The Oracle

I have been reading the letters that inspired – and continue to inspire – LettersHead.  She really was ahead of her time; Mom should have been a blogger.  Her words are inspiring, sweet, maddening, crazy, funny, wise.  The best ones are family updates with a little local history thrown in followed by “I have been reading the Encyclopedia Brittanica on [insert topic here]” with a page or two xeroxed and stapled to the letter.  When I read them now I can understand exactly the way she felt as she sat at the typewriter tapping them out, cigarette burning on the ashtray to the right, Hershey bar half out of the wrapper to the left. We may not be passionate about exactly the same things but in large part we are both driven to do what is right for our families and to express it, explain it and expound on  it early and often.  At least once she signed my name to a Letter to the Editor because she had met her quota for the month.

But a key thing I loved about her was that while on paper should could be relentless, most of the time in person, with the family around, she was such fun.  I so wish she had taken the time to write down the stories she spun after dinner – a little less L’Osservatore Romano and a little more Spy Magazine.  Both she and Dad had such great stories about the early and mid 20th century (their WWII courtship is a novel in itself) and they were good at telling them. I know that most of us (with some very notable exceptions) do not do them justice in the retelling.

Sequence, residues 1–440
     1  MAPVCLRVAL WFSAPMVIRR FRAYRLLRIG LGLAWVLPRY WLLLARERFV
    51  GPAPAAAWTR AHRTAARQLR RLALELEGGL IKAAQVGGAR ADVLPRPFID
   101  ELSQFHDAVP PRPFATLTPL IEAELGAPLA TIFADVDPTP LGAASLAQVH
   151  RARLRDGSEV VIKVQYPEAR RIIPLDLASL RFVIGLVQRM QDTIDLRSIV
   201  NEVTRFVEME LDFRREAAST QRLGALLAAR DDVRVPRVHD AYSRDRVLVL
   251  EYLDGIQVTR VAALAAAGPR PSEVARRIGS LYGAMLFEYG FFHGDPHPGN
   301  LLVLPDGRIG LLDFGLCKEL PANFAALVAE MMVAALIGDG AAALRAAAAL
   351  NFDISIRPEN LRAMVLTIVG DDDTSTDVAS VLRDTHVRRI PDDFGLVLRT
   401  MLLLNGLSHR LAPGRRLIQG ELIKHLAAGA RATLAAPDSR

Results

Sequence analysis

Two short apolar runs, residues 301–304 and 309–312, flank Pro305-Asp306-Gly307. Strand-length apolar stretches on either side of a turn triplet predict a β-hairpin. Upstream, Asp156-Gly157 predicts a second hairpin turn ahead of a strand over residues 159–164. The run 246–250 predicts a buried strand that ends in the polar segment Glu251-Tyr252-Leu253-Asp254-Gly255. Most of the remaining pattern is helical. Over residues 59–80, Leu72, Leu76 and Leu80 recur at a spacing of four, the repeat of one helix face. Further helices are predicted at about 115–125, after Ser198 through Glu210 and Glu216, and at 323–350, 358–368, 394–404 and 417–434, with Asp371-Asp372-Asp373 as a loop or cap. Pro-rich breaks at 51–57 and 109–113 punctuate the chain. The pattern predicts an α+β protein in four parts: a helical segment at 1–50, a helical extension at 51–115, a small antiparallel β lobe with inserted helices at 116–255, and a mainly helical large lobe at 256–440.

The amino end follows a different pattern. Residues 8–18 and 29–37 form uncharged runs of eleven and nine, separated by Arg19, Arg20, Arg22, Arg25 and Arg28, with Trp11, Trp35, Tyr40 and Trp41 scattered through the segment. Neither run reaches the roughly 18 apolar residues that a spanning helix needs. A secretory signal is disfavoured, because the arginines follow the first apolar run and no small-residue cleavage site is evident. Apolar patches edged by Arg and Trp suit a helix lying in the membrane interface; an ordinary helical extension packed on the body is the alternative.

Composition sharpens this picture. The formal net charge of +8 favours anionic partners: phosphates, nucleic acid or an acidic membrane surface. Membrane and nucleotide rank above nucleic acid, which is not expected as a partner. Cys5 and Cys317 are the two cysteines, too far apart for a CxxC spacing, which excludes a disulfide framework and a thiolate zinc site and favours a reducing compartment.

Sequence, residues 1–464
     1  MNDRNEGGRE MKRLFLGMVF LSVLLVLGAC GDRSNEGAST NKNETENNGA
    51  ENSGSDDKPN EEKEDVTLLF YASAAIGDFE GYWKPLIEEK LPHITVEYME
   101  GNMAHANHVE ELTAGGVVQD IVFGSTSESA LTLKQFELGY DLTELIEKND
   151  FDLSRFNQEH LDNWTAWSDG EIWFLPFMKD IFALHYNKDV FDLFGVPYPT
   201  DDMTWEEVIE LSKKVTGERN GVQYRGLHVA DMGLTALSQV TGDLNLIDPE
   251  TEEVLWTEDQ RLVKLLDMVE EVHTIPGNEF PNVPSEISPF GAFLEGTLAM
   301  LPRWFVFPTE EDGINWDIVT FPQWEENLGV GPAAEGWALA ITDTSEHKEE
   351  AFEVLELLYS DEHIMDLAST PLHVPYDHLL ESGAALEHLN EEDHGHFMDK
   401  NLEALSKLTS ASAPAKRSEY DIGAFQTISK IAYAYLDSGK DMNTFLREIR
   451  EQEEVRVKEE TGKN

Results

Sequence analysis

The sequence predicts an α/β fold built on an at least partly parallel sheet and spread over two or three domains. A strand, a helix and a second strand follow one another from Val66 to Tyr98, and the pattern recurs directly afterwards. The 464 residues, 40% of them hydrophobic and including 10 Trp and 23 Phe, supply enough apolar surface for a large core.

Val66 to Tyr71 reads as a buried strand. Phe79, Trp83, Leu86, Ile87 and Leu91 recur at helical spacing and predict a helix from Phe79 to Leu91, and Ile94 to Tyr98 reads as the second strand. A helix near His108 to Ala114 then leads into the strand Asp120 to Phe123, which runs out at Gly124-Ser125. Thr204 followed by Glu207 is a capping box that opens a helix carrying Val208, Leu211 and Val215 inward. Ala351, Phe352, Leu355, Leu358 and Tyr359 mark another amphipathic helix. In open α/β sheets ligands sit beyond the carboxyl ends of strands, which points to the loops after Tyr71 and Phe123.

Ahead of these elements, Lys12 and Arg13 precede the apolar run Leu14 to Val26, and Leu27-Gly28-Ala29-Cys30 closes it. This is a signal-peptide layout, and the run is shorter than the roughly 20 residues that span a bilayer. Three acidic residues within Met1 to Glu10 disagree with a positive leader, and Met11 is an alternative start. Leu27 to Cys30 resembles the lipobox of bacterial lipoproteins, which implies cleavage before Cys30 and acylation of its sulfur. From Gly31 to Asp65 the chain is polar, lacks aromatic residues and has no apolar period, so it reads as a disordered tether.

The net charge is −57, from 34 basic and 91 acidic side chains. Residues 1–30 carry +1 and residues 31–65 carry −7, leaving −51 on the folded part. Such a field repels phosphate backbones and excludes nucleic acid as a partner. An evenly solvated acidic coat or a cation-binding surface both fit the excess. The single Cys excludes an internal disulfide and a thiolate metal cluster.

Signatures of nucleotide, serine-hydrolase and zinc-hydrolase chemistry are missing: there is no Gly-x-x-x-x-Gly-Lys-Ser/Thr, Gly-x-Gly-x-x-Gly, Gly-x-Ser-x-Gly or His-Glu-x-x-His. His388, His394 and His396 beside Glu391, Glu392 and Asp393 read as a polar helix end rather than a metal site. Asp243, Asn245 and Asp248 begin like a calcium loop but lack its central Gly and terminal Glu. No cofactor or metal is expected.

I admit there were days when those postage-paid envelopes with the telltale IBM Selectric type address on them stayed on the counter for a bit until I was ready to open them – but I’m glad I did and I’m glad I kept them.

Me again.

I think it was the purported demise of the Postal Service that did it. When I said when I started LettersHead because people aren’t writing letters anymore I never thought it would come to this.  It could also be that, after 10+ months of benign neglect I checked in on LettersHead and found out it went on without me, collecting hits and links and daring me to start writing again or pull the plug for real.  Or maybe it’s because my kids are in school and I broke my foot and I can’t drive and I tend to drink too much coffee.  In any case, Lettershead is back and I am going to try again at an epistolary narrative.  Cabin fever aside, some things have happened over the past few months that seem to removed some of the roadblocks to writing; I need to test those barriers to see if they are indeed ready to tumble.  As my friends would say, “good luck with that.”

But I didn’t really give up on the random slice-of-life observations that appeared in this space before.  Autism drops too many choice moments into my life for that, so those can be found at the blog I started in my endless quest for useful places to put things that are cluttering my mind.  It’s called I Wouldn’t Have Missed It and you can find it here.

Finally, I have to give credit to my dear friend M. over at Life in A Skillet.  She sent me As Always, Julia and she proves time and again that blogs are both worth reading and writing if you put equal parts heart and mind into it.